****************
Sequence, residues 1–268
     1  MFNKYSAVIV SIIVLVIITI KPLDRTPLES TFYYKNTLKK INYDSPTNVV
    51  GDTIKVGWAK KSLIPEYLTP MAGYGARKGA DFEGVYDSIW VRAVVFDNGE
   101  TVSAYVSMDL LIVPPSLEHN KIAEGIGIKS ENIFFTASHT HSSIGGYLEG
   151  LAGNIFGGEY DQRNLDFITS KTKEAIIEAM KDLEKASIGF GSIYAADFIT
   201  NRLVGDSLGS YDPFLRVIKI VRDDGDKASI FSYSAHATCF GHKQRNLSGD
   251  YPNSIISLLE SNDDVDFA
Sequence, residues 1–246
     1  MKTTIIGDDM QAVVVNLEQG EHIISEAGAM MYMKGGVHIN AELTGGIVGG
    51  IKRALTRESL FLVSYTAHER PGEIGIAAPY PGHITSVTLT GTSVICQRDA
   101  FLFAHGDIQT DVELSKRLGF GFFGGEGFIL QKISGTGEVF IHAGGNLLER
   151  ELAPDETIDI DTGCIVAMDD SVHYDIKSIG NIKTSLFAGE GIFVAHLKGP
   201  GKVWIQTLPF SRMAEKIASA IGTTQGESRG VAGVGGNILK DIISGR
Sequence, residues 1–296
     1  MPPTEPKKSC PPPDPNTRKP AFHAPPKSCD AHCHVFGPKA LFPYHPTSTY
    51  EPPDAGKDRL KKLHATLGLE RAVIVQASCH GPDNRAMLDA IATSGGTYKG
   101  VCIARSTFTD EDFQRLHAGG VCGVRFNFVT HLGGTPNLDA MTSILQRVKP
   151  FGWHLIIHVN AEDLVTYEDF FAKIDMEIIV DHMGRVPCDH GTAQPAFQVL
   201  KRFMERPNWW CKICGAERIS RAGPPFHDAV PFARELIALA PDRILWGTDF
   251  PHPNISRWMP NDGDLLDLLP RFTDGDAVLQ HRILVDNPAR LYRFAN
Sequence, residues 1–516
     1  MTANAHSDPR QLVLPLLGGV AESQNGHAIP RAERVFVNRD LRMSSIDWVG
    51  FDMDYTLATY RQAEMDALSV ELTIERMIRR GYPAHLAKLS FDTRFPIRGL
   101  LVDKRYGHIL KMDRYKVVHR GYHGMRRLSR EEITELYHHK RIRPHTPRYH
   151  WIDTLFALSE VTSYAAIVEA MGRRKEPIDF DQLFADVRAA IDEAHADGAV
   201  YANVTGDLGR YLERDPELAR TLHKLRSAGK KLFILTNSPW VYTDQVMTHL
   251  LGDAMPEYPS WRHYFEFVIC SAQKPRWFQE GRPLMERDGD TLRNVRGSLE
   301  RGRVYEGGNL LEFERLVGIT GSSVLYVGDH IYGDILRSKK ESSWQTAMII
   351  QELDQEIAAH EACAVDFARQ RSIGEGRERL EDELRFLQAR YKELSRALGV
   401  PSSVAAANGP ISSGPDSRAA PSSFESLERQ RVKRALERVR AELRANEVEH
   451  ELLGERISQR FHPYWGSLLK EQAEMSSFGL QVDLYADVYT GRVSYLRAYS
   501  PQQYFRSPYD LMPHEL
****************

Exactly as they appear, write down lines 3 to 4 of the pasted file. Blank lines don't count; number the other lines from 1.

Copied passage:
    51  GDTIKVGWAK KSLIPEYLTP MAGYGARKGA DFEGVYDSIW VRAVVFDNGE
   101  TVSAYVSMDL LIVPPSLEHN KIAEGIGIKS ENIFFTASHT HSSIGGYLEG